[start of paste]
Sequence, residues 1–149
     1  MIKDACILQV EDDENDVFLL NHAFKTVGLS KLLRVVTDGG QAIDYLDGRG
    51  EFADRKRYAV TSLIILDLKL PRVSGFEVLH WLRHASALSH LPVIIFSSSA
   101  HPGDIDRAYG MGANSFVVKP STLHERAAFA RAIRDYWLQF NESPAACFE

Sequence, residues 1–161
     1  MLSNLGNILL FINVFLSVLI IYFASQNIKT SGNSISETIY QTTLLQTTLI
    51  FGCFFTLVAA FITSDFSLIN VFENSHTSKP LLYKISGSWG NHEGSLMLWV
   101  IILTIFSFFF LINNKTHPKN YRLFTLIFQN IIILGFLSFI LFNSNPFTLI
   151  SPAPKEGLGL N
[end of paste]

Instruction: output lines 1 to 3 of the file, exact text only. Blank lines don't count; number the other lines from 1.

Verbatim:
Sequence, residues 1–149
     1  MIKDACILQV EDDENDVFLL NHAFKTVGLS KLLRVVTDGG QAIDYLDGRG
    51  EFADRKRYAV TSLIILDLKL PRVSGFEVLH WLRHASALSH LPVIIFSSSA